Stassen is best known for being a perennial candidate for the Republican Party nomination for President of the United States. In total, he was a candidate for President nine times (1944, 1948, 1952, 1964, 1968, 1980, 1984, 1988, and 1992), but he never won his party's nomination. In 1944 he won the Nebraska primary, but was unable to mount much of a campaign because of his being overseas. Dewey won the nomination in the first ballot. In 1948 Stassen performed much better, winning a stunning upset over Dewey and General Douglas MacArthur in the Wisconsin primary. Stassen's surprise victory ended MacArthur's candidacy. Stassen once again defeated Dewey in the Nebraska primary, making him the new front-runner in the race. But he made a strategic mistake by trying to beat Senator Robert Taft in Taft's home state of Ohio. This stalled Stassen's momentum and earned the hostility of the party's conservatives. In spite of this, Stassen was still leading Dewey in the polls. Dewey spent a large amount of money on campaign ads in Oregon and agreed to debate Stassen in Oregon on national radio. Held on May 17, 1948, it was the first-ever radio debate between presidential candidates. The sole issue of the debate was whether or not to outlaw the Communist Party of the United States. Despite his liberal reputation, Stassen argued in favor of outlawing the party, while the crime-busting Dewey argued against it. Dewey famously stated that "you can't shoot an idea with a gun." Most observers saw Dewey as the winner of the debate, and four days later Dewey defeated Stassen in Oregon. At the convention, Dewey led on every ballot, winning it on the third. Taft finished second each time and Stassen came in third.



This was followed by a number of electoral defeats for Stassen. Besides losing his subsequent bids for the presidency, he also lost elections for Governor of Minnesota in 1982, for the United States Senate in 1978 and 1994, for Governor of Pennsylvania twice (in 1958 and 1966), for Mayor of Philadelphia in 1959 and for the House of Representatives in 1986.

In the 1952 Republican contest, Stassen released his delegates (all 20 of them) to Dwight D. Eisenhower. His doing so helped Eisenhower to defeat Robert A. Taft on the first ballot. He served in the Eisenhower Administration, as the Director of the Mutual Security Administration (foreign aid) and Special Assistant to the President for Disarmament. At the 1956 Republican Convention, Stassen led an unsuccessful effort to dump Vice-President Richard Nixon from the ticket.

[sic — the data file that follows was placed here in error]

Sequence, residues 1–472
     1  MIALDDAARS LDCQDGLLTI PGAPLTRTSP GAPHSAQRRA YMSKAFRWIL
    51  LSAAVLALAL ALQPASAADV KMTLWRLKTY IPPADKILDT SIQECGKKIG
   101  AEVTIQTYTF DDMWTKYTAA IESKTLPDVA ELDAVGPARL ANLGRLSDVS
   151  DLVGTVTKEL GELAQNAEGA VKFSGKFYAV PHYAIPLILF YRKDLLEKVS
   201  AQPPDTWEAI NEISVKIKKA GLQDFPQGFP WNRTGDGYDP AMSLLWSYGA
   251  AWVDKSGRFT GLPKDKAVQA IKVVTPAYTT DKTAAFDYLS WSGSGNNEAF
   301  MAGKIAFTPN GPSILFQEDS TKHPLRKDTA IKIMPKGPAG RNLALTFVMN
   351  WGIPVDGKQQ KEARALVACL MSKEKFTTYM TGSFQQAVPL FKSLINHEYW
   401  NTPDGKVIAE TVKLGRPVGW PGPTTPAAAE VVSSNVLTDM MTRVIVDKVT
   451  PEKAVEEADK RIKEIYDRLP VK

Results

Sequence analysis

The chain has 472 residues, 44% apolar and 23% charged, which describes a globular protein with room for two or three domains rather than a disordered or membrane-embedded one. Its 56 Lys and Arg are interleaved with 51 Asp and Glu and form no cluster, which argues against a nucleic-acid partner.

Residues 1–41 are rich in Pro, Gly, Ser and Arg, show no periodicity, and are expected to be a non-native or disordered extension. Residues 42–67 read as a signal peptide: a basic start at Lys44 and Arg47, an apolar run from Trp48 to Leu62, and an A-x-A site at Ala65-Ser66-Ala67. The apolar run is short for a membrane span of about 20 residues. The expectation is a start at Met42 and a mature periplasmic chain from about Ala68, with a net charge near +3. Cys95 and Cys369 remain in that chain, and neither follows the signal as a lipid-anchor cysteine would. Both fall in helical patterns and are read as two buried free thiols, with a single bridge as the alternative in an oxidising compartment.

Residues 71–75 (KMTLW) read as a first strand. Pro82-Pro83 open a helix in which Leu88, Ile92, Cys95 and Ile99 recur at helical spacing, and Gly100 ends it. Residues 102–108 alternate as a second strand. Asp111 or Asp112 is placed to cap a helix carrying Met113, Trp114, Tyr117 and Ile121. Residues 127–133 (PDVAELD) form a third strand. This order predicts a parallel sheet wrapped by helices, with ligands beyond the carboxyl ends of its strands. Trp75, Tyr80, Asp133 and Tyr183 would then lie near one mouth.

After leaving the Eisenhower Administration, Stassen campaigned unsuccessfully for governor of Pennsylvania (1958 and 1966) and for mayor of Philadelphia (1959). In 1978, Stassen moved back to Minnesota and ran a senatorial campaign for the U.S. Congress. In 1982, he campaigned for the Minnesota governorship and in 1986 for the fourth-district congressional seat. His subsequent campaigns for the Republican Party presidential nomination did not amount to much. In 1964 he received less than 2% of the popular vote in the primaries and was part of an unsuccessful move to try to prevent the nomination of Barry Goldwater. In 1968 he fared even worse, receiving 0.71% of the popular vote in the primaries and only two votes at the convention. In 1980 he received 0.20% of the popular vote in the primaries and no votes at the convention, and in 1984 he had virtually the same results (0.19% of the popular votes in the primaries and no votes at the convention). In 1988 he received 0.01% of the popular votes in the primaries and once again no votes at the convention. Finally, in 1992 he received 0.06% of the popular votes in the primaries and once again no votes at the convention.



Stassen died in 2001 in Bloomington, Minnesota, at the age of 93. He is buried at the Acacia Park Cemetery in Mendota Heights, Minnesota. When Stassen died, Minnesota Governor Jesse Ventura, another political maverick, said of Stassen, "As Minnesotans, we can be proud of a statesman who never gave up his fight for a better state, a better country, and a peaceful world."
Tags: barry goldwater, dwight d. eisenhower, franklin delano roosevelt, martin luther king, richard nixon, thomas dewey, wendell willkie